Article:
Sad to hear that the food in Australian hospitals is as bad as in the US. In the US, hospital patients are served soft drinks on their trays twice a day. The food is very processed, and all from boxes or frozen. In the hospital cafeteria the eggs are often powdered and watery.

      Reply
  37. Eggs ‘n beer

    “When it comes to blood pressure it cannot be denied that. as the blood pressure rises, the risk of CVD also rises.”

    Or, is it that as CVD increases, blood pressure rises? A consequence of CVD narrowing the arteries is that, to maintain the same volume of blood flow, the pressure would have to rise. If CVD comes first, through damage to the endothelium as discussed earlier, higher BP has to follow.

    Reply
  38. Keith

    While Ancel Keys is rightly demonized for claiming that saturated fat causes heart disease, it’s less widely known that he later promoted a Mediterranean diet. As Dr. Aseem Malhotra and film maker Donal O’Neill have shown in several films (The Big Fat Fix, Run on Fat, and The Pioppi Protocol), Keys tried to publish data repudiating his fat-CVD claim but was rejected, because it didn’t fit with the prevailing wisdom. So he wasn’t a complete villain.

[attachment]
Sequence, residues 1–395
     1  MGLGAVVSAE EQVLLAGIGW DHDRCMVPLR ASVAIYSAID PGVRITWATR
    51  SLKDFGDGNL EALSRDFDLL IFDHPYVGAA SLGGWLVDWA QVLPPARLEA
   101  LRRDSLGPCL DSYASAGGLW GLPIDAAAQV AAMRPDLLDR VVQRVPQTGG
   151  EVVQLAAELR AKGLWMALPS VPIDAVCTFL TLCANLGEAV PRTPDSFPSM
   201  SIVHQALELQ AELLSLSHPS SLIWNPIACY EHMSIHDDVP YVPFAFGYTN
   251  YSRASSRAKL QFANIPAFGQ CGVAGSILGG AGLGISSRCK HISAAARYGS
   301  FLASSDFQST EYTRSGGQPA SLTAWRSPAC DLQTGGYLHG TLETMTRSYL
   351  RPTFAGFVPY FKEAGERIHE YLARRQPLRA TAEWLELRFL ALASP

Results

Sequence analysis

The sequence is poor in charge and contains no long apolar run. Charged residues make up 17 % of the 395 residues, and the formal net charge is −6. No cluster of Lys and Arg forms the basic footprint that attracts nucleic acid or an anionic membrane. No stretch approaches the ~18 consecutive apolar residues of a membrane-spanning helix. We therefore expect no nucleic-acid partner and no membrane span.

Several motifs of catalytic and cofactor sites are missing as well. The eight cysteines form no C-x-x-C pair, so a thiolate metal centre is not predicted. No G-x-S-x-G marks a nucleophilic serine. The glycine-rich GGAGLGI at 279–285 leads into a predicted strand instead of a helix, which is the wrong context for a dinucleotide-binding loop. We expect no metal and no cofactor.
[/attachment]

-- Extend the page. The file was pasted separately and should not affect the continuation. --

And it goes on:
Reply
    1. Gary Ogden

      John H: The threshold is given in the paper: for a man 45-74, 110 + (2/3) (age); for a woman 45-74, 104 + (5/6) (age). For me at 69, the threshold of risk would be systolic 156. In recent years it has varied between 130 and 150. My diastolic has varied from 75-85 most of the time. No cause for concern, in my view.

      Reply
      1. Mr Chris

        Gary
        Interesting note about BP. Line has crêpe up over the summer maybe because I did less biking. Now just back from án hour and a half spin, and after an hour my BP is wonderful. Go figure

  39. AnnaM

    Stephen R,

    If humans aren’t contributing to a global warming problem by much, then what possible strategies could be done to mitigate it?

    Reply
    1. Jean Humphreys

      Anna – what can be done to mitigate – pay vast amouns of tax, to keep the “experts” in swimming pools (heated) and first class plane tickets to go to lovely conferences.

      Reply
      1. Mark Sanders

        Much more money is made by the dirty energy companies. The billioinaire Koch brothers want to make sure they keep their filthy profits by donating money to think tanks and public relations groups to convince people that global warming is a hoax. And our anti-science president does all he can to hush any talk of global warming or its causes within federal environmental departments in order to pay back the corprorate polluters who backed his election.